Real Recognize Real

There’s a type of obsession associated with fans and their favorite musicians but that’s not the type of obsession I’m talking about here. I’m not talking about the fanaticism that comes with the likes of Taylor Swift or Justin Bieber. Do I jam those two without hesitation? Of course. I’m not too proud (in this sphere, at least) to admit that.
What I’m referring to is more  of a connection. Not an obsession, but a fusion of souls with humans you’ve never encountered, yet everything inside of you gravitates towards them. The words they speak, you feel. Everything relates to what you feel. Relates to the hooks they’ve crafted, the melodies in the bridge, the lyrics within each and every verse of each and every song. Every chord progression. Every spoken word. Everything. That’s what I’m talking about.

Let’s bring it back down.
Music is my life. I can’t play any instrument per se(though that’s on the to-do list for a redo, as many attempts have equated in less-than-admirable results), but it’s something I cannot live without. Something needed in my day-to-day. It’s my air. It’s my water. It’s my pulse. Somehow, it adds into my purpose.

See, life is hard. There are mountains that exist solely just to keep you barricaded and stumped. There are people who have ill intentions and end up crushing what feels like every fiber of your being. Things will happen, friendships will crumble, rip and entirely combust at the seams. There will be times when you battle with yourself—a battle between your heart and/or your mind—and you’ll feel completely isolated, alone, and abandoned.Bet you felt like the only thing that didn’t leave your side was music.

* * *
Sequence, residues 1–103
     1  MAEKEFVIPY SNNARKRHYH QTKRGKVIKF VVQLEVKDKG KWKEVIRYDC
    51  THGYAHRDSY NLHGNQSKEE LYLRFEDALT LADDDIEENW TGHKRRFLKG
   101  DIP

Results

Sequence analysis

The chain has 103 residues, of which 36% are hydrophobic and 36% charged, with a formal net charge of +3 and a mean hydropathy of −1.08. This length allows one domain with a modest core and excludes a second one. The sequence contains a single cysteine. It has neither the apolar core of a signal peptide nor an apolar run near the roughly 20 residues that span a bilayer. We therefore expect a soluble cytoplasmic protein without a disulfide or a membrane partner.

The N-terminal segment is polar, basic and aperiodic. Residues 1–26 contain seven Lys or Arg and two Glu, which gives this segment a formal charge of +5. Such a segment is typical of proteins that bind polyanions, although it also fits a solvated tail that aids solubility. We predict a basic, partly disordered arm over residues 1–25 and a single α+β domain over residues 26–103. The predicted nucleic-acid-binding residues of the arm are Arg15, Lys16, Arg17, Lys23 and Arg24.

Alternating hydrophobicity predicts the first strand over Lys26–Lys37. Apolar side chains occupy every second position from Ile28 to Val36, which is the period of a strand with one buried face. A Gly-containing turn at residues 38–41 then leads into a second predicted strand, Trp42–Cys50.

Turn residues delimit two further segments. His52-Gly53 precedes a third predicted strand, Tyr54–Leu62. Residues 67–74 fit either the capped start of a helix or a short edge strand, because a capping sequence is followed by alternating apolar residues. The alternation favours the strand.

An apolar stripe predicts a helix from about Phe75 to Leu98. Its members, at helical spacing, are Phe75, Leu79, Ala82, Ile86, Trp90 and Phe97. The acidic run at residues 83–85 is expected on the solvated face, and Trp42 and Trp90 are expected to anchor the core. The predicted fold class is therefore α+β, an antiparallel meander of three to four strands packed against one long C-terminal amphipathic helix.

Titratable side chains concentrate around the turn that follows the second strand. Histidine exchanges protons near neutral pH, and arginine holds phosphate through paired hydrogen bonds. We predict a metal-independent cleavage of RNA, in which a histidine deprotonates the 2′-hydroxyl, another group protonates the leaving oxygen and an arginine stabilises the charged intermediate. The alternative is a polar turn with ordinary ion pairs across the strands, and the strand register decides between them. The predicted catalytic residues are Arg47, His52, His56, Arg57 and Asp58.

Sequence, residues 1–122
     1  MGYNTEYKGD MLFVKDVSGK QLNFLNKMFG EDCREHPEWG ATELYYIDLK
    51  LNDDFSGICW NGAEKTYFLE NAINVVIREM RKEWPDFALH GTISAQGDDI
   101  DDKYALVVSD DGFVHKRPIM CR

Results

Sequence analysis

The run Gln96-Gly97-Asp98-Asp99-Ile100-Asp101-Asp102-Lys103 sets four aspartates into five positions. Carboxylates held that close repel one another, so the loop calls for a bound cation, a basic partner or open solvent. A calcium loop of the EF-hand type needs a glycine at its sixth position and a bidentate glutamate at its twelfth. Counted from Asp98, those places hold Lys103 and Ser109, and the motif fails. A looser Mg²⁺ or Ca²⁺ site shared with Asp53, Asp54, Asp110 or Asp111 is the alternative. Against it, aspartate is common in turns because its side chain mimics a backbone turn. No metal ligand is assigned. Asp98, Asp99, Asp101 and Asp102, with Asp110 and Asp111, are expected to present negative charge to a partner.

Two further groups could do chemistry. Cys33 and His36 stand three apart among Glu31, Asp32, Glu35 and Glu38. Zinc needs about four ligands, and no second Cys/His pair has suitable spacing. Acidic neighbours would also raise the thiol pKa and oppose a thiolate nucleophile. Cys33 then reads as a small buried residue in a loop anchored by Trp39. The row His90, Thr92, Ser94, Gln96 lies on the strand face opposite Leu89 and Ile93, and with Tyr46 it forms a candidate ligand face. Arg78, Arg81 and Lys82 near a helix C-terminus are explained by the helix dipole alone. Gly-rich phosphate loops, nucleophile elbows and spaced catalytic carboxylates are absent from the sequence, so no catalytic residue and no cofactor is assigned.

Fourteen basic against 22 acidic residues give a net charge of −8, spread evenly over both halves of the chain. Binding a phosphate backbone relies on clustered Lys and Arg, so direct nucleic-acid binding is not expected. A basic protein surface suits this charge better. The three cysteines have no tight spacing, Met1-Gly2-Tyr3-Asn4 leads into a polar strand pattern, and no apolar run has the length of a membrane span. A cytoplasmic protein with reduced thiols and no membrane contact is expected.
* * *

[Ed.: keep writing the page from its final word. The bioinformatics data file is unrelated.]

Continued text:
For me specifically, my battle with heart and mind is one of severe anxiety with a (hearty) side of panic disorder. This is something I’ve unknowingly battled my entire life, and thanks to a certain former non-ex ex (dating is fun), I was able to realize I had gone too far crossed too many lines, and didn’t have my mind and soul understood or under control. My life was consumed with anxiety and panic attacks. I felt alone. Then…there was Twenty One Pilots. If you don’t know anything about these guys, here’s a brief related overview: The lead singer, Tyler Joseph, openly battles with anxiety and hyper self-awareness. When I was at this low point (once again, shout out to the non-ex ex), they fell into my lap; right into the palm of my hand and the center of my soul, as if to throw a life-saver to keep me from drowning. Did they know this? No. And from listening to their album breakdowns on Spotify, I realized there were many who felt the same. Many who related to the struggle of simply existing on the world, let alone the stresses and anxiety that come with it. To Tyler and Josh, drummer and sole other member of the band, it’s not about making music for people to blast on the radio and dance to, or even music for people to request and like on Top 40. It’s not about telling a bullshit story about the silver lining behind every breakdown.